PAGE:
A child can obtain citizenship through their parent’s naturalization as a citizen of the United States, a process known as derivative citizenship. In essence, any children born to a parent who was born outside of the United States and later obtained U.S. citizenship may also become citizens. This also holds true for parents who have gained naturalization and adopt non-citizen children.
How Derivative Citizenship Works
A child will become a citizen if they are under eighteen, have a green card when their parent gets one, and reside with their parent. Adopted children must be adopted before the age of eighteen and have a green card upon their parent’s naturalization in order for them to become citizens. The adopted child cannot get married, and the adoptive parent must also have custody of the child.
Getting Proof of Citizenship
As long as your child satisfies the requirements, you can apply for proof of citizenship by submitting USCIS Form N-600 if you require it. This is the Citizenship Certificate Application. Documentation proving the parent’s U.S. citizenship as well as the child’s identity, immigration status, and parent-child relationship will also be required. A birth certificate or an adoption decree will attest to this.
During your interview for U.S. citizenship, the USCIS officer will inquire about your application and your intention to settle in the country.
Since both tests are scheduled for the same day, you should focus on studying for your citizenship trial in order to be fully prepared for this examination.
The following documentation is required for your naturalization interview:
→ Your Green Card
→ Your ID
→ Your travel records, including your passports (as well as your expired ones)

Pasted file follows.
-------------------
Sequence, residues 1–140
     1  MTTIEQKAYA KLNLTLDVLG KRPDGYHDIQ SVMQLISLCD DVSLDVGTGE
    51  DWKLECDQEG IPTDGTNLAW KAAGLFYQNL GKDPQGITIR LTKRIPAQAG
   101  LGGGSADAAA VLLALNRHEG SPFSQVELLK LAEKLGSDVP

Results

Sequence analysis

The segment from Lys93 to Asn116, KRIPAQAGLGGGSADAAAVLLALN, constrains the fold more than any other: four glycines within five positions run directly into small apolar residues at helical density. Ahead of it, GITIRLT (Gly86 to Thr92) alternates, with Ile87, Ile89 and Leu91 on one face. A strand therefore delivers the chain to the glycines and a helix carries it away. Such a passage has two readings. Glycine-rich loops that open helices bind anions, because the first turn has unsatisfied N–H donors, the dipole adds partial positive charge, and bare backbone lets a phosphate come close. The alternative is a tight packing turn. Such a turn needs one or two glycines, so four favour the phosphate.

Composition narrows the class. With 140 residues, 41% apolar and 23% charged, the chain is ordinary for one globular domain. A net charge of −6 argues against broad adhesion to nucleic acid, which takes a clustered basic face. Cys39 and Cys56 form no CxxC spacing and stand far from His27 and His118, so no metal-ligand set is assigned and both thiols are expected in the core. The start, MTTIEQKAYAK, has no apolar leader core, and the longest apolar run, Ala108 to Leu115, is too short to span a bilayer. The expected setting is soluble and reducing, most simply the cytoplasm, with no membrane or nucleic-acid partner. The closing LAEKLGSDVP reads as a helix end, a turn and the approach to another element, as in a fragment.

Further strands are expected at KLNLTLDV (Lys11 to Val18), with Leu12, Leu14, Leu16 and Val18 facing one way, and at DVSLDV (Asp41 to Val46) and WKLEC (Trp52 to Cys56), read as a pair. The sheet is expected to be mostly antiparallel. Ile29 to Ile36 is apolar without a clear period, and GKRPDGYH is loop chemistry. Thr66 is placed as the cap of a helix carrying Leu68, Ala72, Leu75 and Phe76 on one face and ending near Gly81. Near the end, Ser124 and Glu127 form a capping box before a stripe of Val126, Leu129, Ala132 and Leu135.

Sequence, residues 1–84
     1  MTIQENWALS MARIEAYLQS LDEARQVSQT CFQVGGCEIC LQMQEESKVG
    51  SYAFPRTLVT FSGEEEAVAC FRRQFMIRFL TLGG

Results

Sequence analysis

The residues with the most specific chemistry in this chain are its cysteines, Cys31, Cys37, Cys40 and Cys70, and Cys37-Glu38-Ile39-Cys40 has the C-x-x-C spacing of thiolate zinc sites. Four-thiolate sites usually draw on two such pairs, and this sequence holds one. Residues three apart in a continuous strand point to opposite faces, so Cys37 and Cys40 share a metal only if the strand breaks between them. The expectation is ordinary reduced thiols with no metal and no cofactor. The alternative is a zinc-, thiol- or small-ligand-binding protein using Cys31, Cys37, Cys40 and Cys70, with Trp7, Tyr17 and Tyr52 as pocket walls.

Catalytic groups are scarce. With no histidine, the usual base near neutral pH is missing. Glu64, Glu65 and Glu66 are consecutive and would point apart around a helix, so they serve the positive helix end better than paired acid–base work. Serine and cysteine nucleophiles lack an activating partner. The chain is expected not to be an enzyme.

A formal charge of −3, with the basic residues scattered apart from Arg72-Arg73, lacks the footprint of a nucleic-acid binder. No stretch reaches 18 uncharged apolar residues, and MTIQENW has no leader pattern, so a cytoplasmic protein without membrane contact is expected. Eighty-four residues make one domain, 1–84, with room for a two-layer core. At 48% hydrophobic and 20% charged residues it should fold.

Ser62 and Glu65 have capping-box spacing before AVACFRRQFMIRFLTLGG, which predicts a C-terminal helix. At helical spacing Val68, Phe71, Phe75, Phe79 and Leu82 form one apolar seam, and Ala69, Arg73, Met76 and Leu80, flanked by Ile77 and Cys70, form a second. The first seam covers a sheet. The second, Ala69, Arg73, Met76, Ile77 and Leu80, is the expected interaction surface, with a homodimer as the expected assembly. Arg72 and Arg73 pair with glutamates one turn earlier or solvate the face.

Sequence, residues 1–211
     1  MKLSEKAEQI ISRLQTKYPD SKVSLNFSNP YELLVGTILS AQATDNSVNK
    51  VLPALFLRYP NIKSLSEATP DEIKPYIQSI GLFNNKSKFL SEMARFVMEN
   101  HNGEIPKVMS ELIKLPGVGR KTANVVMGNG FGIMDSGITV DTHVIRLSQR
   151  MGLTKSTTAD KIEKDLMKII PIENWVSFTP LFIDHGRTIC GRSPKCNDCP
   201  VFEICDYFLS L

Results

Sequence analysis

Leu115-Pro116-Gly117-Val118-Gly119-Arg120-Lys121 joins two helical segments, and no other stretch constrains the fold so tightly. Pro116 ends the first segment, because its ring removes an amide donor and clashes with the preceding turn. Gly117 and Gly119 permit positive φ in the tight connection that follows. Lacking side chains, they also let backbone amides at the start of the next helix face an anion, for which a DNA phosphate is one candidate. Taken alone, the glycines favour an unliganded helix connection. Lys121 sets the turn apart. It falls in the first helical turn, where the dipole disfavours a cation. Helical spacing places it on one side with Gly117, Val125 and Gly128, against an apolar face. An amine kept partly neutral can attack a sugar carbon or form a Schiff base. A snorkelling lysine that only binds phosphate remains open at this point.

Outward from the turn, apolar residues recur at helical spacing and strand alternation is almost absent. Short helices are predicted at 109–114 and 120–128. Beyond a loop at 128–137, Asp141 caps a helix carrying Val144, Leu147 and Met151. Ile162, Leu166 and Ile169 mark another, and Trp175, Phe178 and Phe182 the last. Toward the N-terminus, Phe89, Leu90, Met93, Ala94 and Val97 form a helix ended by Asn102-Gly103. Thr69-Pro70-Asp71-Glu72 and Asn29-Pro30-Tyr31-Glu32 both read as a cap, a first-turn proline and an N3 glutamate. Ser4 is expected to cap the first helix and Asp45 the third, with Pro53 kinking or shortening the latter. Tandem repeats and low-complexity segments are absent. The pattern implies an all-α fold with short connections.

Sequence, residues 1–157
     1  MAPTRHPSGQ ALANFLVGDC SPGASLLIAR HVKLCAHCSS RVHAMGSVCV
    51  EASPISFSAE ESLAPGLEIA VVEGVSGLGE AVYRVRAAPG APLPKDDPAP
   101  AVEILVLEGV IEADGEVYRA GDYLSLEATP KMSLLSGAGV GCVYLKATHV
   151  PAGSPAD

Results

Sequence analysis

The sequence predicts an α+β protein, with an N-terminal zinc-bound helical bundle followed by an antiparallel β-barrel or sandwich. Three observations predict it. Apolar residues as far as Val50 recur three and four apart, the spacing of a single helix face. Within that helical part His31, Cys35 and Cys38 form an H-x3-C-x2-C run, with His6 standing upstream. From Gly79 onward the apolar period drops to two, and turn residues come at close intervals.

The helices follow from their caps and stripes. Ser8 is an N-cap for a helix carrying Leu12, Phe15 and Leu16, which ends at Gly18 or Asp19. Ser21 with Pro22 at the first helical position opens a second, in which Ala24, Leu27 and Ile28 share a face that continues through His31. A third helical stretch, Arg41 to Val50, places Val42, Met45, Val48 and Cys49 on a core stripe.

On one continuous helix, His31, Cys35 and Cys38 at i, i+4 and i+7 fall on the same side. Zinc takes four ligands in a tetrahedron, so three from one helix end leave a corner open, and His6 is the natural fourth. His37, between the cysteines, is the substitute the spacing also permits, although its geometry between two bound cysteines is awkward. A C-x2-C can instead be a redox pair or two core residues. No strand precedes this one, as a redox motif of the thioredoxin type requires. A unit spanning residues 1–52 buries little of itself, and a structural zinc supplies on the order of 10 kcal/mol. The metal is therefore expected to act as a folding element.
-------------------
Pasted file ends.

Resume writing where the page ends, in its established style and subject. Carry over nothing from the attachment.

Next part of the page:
→ Original copies of documents assessing your current and previous marital status
→ IDs of your dependents (if applicable)
→ Your federal income tax returns for the past five years
→ Proof of your permanent residence in the U.S.
→ Proof of your registration to the Military and Civil Service
→ Court, police or prison records (if applicable)
→ Documents that can prove your “good moral character”
The naturalization ceremony is the final step in the citizenship process in the U.S.
If your naturalization application is approved, you will attend a ceremony to:
Take the Oath of Allegiance
Return your permanent residence card (green card)
Receive your Certificate of Naturalization
Every field office may have a different naturalization ceremony. Typically, a number of candidates will show up simultaneously for a naturalization ceremony.
You will typically take the Oath of Allegiance during the oath ceremony. It will be necessary for you to stand up, lift your right hand, and say the Oath of Allegiance. At the conclusion of the ceremony, you will receive your certificate of naturalization.
Oath of Allegiance
The Oath of Allegiance is a formal promise you have to take before you can become a U.S. citizen.
Your naturalization oath ceremony’s date, time, and location will be listed on an appointment notice that you will receive. Typically, the oath ceremony takes place in the same location as your naturalization interview.
The oath ceremony and your naturalization interview may occasionally take place on the same day. You will receive a notice in the mail with the date, time, and location of your scheduled ceremony if you do not receive an appointment that day.